The Vancouver Art Gallery has been staging a significant exhibition since the 25th of September entitled Robert Adams: The Place We Live, A Retrospective Selection of Photographs. The exhibit showcases over 300 of his pictures spanning the late 1960’s into the early 2000’s. Adams’ work has primarily been recognized for its depiction of western US landscapes and the influence human culture has had on these spaces. Many of the exhibit’s most enduring images are pictures of urban scenes disrupting the earth’s innocence and beauty. This theme runs through the entirety of the exhibit and is contrasted by a number of images of a more pristine subject matter, ultimately seeing the exhibit juxtapose themes of innocence and guilt.
One of the more memorable pictures of the over 300 featured shows a beautiful valley carved out of what looks to be the Rocky Mountain plains. The perspective is not unlike an Ansell Adams photograph. Perched up high, the entire region is visible, we can see the horizon well into the distance and the clouds above create a clear contrast with the murkiness below. Unlike the latter Adams landscapes which suggest a nature in terms of a pure and pristine force as distinct from civilization, Robert Adams’ picture is more sensitive to the powers of our new technologies. The picture features the insidious advance of the said culture appearing poised to overtake and dominate the mountain. The shadows below are revealed to be not just shadows created by the mountainside but by the town’s heavy industry.
Another frequent subject of the exhibit is trees, and a substantial portion of the retrospective is devoted to such images. Depicted are trees in a range of shapes and sizes against a variety of backdrops. What is striking about these images is that the presence of civilization seldom appears to creep into the image in quite the same way as the above picture, giving these images a greater sense of purity. Urban regions are often not present within the frame and a single tree may stand centred against a backdrop of a receding hill and an infinite horizon. Some of Adams’ prettiest pictures are of this kind.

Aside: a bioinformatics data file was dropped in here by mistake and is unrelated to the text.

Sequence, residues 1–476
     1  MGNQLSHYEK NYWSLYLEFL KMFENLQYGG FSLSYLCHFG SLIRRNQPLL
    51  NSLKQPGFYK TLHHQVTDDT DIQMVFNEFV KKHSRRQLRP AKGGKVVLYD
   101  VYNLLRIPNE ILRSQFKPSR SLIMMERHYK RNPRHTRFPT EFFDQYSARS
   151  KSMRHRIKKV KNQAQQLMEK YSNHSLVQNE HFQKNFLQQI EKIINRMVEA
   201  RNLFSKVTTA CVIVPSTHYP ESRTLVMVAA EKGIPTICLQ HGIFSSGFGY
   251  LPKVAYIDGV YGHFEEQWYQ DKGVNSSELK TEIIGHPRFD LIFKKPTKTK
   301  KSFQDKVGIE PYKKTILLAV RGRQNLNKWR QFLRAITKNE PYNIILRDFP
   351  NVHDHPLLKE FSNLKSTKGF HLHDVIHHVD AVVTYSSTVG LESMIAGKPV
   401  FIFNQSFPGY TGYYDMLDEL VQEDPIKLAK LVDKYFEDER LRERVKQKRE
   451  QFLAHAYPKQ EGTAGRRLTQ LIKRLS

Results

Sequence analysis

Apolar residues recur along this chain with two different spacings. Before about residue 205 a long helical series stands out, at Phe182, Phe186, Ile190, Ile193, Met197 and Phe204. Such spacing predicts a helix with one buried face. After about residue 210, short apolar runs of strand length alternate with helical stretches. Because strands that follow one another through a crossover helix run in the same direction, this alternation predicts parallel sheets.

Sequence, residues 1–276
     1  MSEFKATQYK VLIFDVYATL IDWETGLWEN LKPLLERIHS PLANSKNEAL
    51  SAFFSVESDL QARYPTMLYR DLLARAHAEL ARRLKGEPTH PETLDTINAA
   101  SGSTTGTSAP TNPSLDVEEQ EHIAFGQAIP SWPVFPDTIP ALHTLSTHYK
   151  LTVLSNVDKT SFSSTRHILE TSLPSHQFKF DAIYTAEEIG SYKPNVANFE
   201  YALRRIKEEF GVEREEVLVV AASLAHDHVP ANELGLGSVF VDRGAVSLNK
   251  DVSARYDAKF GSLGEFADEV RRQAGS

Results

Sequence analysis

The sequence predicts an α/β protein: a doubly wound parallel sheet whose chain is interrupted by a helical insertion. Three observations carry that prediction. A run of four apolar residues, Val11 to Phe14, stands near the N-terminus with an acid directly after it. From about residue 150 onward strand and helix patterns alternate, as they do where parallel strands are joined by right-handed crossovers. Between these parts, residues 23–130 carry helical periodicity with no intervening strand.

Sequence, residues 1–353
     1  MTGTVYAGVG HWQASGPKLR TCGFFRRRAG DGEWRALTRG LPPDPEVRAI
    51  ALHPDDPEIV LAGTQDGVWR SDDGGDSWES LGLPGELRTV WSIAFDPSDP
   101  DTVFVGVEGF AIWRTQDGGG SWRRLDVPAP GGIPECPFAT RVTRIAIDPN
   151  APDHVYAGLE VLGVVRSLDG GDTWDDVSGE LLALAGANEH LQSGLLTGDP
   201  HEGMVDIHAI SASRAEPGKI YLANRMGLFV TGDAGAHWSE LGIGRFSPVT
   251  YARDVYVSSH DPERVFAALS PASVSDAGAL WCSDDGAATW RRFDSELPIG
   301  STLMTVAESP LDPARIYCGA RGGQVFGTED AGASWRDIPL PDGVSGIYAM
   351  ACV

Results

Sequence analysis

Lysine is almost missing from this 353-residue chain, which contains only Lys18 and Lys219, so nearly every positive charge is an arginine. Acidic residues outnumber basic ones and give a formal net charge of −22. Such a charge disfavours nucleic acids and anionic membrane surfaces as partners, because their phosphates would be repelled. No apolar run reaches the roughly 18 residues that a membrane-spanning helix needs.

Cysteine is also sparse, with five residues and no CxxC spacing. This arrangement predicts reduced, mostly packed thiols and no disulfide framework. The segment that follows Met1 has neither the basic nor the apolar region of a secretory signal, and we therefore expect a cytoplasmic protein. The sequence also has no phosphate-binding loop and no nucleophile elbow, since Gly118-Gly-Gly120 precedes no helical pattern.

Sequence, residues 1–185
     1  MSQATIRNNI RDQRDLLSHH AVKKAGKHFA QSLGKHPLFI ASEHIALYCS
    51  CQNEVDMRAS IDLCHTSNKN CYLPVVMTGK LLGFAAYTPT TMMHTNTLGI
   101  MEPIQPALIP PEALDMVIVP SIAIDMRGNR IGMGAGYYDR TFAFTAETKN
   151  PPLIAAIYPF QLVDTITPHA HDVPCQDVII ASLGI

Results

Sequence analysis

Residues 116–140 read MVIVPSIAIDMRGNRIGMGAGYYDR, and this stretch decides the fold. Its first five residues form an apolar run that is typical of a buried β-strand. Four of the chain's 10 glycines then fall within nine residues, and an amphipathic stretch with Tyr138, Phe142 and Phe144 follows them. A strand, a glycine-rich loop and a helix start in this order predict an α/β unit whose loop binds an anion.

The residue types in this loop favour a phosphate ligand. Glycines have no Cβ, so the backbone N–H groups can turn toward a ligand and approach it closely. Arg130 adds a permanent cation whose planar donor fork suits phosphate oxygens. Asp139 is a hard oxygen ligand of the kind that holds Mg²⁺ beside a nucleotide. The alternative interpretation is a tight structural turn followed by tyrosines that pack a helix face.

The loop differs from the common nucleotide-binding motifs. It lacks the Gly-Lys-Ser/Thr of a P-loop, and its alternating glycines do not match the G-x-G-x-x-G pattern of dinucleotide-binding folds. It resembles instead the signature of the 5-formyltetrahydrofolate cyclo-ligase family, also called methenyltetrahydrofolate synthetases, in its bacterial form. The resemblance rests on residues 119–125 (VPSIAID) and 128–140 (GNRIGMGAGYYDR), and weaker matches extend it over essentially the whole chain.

But Adams’ art is never really about purity in itself. Rather, he approaches his subject from the perspective of the pervert, that is, as one who has himself been corrupted by the technological society. Since the camera is a product of the same industrialization it depicts, Adams’ gaze into a beautiful mountainous horizon cannot therefore be considered the gaze of an innocent bystander but must be understood as the gaze of someone who is also the product of the technological culture. As the title of the retrospective suggests, the place we live. It is not just any place, however; the place we live is without a doubt a technological society.
Thus, while Adams brings to our attention the nuances of our complex present, questioning the extent to which it is our own fault, he also appears to suggest that we have been willing to condition ourselves to see in some ways but not others. An image of a tree may conventionally symbolize wisdom or purity or beauty but trees are also the subject of a number of our culture’s founding myths. It has been said that it took the fruit of only one tree to expel Adam and Eve from Eden. Is knowledge thus the problem, or can it offer the solution? Adams appears unwilling to assuredly point us in either direction.
Robert Adams: The Place We Live, A Retrospective Selection of Photographs is at the Vancouver Art Gallery until the 16th of January 2011.